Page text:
• The American Academy of Pediatrics suggests organizing a virtual Halloween party where people, especially children, can decorate the house, show off their costumes and play games with their friends on a screen while remaining at home.
  • Stage outdoor activities like pumpkin decorating contests. Lampe believes traditional activities like hayrides and pumpkin patches that typically take place outdoors also are relatively safe as long as people observe COVID-19 guidelines and wear a face covering, wash their hands frequently and practice socially distancing.
  • If parents want to take their children trick-or-treating, Lampe suggests doing so in small groups. Also keep in mind that the American Academy of Pediatrics and the Centers for Disease Control and Prevention has said wearing a costume mask is not adequate protection against COVID-19. Children can wear a Halloween mask or use face paint as part of their costume, and adults can do the same, but they also should wear a protective mask that reduces the chances of spreading the virus.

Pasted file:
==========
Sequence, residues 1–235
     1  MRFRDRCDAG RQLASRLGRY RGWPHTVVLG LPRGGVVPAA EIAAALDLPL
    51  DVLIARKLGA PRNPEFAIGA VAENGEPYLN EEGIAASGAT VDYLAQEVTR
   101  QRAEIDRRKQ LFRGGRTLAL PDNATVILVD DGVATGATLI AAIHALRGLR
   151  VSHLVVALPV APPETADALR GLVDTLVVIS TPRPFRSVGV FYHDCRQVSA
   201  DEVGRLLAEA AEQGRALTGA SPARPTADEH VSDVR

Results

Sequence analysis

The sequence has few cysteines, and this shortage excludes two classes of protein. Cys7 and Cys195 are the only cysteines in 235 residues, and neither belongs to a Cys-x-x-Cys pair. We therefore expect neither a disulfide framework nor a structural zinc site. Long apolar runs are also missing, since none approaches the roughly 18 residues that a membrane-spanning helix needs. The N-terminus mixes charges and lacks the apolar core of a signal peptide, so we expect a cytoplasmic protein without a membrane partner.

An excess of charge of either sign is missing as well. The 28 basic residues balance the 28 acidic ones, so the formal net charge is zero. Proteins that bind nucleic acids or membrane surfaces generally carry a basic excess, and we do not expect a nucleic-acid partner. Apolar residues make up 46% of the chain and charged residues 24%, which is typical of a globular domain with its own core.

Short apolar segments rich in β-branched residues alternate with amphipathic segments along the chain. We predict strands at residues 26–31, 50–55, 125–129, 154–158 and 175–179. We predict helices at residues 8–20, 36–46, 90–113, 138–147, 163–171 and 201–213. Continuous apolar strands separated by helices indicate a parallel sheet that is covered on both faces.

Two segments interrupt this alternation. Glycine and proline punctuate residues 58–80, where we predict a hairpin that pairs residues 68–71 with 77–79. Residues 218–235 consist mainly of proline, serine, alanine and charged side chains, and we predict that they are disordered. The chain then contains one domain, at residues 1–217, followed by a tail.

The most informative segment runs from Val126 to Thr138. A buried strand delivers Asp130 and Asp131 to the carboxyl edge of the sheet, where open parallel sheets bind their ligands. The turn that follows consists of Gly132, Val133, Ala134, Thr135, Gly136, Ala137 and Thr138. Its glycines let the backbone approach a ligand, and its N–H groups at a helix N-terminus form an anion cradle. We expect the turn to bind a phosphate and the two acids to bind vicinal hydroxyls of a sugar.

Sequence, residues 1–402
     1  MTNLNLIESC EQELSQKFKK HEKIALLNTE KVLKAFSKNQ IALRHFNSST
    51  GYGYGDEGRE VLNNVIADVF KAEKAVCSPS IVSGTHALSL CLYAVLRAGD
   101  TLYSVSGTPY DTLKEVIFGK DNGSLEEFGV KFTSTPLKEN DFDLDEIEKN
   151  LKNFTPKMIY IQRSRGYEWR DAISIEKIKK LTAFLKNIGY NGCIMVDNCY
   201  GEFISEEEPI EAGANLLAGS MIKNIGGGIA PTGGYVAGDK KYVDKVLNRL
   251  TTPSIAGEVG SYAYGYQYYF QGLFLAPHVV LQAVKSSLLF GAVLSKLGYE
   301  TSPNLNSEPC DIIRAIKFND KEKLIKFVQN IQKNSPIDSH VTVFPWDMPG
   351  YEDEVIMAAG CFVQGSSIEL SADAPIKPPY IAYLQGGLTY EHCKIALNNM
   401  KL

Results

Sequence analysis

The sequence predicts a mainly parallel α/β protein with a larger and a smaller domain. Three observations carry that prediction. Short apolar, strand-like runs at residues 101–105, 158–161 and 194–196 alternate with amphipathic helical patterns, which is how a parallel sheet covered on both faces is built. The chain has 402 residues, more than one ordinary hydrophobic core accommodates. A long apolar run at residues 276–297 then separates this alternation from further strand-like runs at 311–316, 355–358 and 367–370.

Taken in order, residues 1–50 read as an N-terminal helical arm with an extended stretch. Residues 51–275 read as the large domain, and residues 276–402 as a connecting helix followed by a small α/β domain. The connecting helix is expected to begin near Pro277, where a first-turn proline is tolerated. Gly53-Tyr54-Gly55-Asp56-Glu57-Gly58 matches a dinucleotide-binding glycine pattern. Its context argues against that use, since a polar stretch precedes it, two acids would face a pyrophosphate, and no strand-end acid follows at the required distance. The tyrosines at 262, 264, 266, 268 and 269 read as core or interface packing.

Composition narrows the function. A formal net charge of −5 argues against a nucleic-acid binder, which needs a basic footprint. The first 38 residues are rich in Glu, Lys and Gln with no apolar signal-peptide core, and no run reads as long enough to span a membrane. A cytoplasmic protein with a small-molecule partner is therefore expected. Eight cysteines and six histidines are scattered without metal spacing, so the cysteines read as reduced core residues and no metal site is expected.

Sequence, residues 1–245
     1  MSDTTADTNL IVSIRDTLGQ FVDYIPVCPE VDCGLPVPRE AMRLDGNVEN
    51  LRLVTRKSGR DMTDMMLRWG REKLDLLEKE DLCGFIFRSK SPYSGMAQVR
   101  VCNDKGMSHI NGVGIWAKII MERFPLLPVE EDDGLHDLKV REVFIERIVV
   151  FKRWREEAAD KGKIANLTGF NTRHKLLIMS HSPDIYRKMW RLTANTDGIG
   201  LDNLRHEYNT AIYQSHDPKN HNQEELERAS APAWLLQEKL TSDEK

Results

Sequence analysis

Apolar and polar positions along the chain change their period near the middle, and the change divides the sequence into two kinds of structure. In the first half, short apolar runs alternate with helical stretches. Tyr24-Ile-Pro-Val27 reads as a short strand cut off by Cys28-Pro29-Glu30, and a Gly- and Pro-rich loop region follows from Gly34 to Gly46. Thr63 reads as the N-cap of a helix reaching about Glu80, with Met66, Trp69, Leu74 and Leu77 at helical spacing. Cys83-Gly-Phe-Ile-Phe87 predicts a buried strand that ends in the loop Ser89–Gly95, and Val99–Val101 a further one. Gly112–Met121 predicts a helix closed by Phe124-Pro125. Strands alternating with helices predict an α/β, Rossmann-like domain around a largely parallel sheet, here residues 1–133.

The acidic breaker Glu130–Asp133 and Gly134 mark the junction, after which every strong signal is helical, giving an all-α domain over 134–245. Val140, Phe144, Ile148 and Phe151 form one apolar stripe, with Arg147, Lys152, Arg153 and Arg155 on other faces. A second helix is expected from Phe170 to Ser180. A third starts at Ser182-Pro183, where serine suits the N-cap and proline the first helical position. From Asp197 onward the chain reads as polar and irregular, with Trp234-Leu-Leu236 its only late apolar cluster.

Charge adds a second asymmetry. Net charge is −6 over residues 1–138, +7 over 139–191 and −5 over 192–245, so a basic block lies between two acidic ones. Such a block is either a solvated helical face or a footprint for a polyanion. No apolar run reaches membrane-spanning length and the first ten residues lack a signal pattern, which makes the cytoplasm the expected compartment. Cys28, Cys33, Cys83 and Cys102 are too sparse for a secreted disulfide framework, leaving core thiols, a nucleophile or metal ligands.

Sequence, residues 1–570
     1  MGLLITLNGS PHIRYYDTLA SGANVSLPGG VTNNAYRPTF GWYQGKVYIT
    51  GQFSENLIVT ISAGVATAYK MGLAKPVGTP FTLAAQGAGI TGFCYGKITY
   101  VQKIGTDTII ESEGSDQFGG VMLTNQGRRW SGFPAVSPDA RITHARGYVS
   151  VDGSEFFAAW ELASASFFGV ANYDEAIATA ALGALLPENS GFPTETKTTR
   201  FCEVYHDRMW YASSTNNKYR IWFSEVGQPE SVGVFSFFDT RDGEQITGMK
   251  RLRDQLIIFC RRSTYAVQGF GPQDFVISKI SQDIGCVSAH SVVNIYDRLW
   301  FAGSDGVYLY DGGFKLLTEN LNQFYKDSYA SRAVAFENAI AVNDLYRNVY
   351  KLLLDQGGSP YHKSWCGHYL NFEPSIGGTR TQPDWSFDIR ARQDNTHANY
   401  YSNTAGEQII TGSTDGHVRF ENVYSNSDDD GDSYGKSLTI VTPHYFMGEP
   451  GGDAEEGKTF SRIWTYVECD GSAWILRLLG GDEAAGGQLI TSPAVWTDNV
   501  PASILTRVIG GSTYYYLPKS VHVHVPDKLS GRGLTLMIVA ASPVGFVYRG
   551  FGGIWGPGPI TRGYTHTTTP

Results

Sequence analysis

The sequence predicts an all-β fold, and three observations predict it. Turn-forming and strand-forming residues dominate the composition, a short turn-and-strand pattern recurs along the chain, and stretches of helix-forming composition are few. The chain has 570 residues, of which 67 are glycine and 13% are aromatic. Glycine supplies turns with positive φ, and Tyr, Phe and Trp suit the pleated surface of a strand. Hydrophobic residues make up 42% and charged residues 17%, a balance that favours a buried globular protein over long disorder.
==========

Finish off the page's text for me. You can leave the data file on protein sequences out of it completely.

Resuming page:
• Those staying home to hand out candy can place the candy in small bundles that can be picked up without contact or they can spend the evening outside handing out treats in person, again observing the COVID-19 guidelines.
  • If Halloween isn’t complete without a carnival or haunted house, Lampe said those activities should be held outside if possible. Because of the unique circumstances presented by the pandemic, Lampe suggested an outdoor haunted experience or carnival would be a great way to celebrate as long as people remember to socially distance, wear a face covering and wash their hands frequently. “I don't think you can wash your hands enough,” he added.

Texas Tech Physicians

Texas Tech Physicians

Texas Tech Physicians is a physician group and part of the School of Medicine and the Paul L. Foster School of Medicine.

Clinics are located in Amarillo, El Paso, Lubbock and the Permian Basin, encompassing 108 counties of Texas and New Mexico comprising 103,000 square miles with a population of 2.6 million people. Receiving care in a medical school setting is unique – many Texas Tech Physicians are also teachers. They must remain up-to-date in new treatments and diagnostics, not only to care for their patients, but also to pass on that knowledge to resident physicians, physicians studying in fellowships and medical students.